Wine has been made in Spain for centuries and the size of the Spanish wine acreage is huge. There are a number of regions including, the Navarra - north of Rioja, where Garnacha Tinta (Grenache), Cabernet and Merlot are the red grapes grown; Rioja - the home of soft, blended red wine aged in American oak and young fresh white wines; Jerez - sherries; Peneds - the leading wine region in Catalonia. Spanish sparkling wines when made in the champagne method are called Cava, approximately 95% of them come from around Barcelona with Frexinet and Cordonu being the largest. The world's most widely planted white grape, Airn, is grown in Spain.

South Africa
South Africa is the world' s eighth largest producer of wines and the industry here is more than three hundred years old. Almost all South Africa's wines are produced in the Western Cape region. Since the end of apartheid the entire industry has undergone a rapid revolution. An official Wine of Origin scheme was only established in 1972, when legislation in this regard was formulated. This new scheme would not only protect wines of origin but also wines made from a specific cultivars or vintage. Certain basic principles were taken into consideration when the system was formulated. It was, for example, necessary to comply with EU regulations because a great deal of South African wine was exported to Europe. Principles such as honesty in business, factual terms, titles, adaptability, local marketing truths and free participation were addressed. 27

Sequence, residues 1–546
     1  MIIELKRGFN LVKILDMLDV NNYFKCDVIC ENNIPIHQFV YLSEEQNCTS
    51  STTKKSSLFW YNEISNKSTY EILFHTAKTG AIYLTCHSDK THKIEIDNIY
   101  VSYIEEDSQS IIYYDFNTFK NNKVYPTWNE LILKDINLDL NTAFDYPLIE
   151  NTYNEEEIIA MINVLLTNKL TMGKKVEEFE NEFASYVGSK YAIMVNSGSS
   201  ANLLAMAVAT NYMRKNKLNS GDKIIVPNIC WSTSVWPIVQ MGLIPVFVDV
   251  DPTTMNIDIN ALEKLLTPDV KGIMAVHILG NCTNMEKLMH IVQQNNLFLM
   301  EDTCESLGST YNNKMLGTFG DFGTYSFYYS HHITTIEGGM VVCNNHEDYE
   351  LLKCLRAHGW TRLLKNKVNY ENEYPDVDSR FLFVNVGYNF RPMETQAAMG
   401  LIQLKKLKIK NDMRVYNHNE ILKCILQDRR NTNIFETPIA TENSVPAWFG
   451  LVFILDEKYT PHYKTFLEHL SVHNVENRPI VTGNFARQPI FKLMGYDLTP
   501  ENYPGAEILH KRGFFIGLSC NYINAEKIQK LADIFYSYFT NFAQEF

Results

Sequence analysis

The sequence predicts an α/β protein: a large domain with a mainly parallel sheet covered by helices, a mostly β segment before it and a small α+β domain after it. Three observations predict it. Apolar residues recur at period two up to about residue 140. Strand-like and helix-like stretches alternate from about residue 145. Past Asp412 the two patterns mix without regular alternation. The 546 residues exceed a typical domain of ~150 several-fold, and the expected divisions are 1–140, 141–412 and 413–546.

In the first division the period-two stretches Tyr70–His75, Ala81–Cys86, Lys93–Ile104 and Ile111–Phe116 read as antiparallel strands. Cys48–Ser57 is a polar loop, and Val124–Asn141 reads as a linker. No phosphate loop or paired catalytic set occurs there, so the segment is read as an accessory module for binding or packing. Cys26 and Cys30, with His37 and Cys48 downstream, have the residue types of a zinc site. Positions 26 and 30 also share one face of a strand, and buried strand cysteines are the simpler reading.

South Africa's Wine of Origin certification scheme was officially instituted in 1973, in accordance with the Wine, Other Fermented Beverages and Spirits Act of 1957 White wines are grown in much greater number than reds, mostly by Chenin Blanc , which accounts for about 30% of the white wine production, with Chardonnay and Sauvignon Blanc production increasing annually. Riesling is also grown in small quantities. Historically Cinsault and Pinotage have been the most popular red grapes, however, Cabernet Sauvignon, Pinot Noir and Merlot are gaining popularity. The wine region is around Cape Town. With the opening of trade between the rest of the world and South Africa, expect to see more wines and improved quality and wine making.

United States of America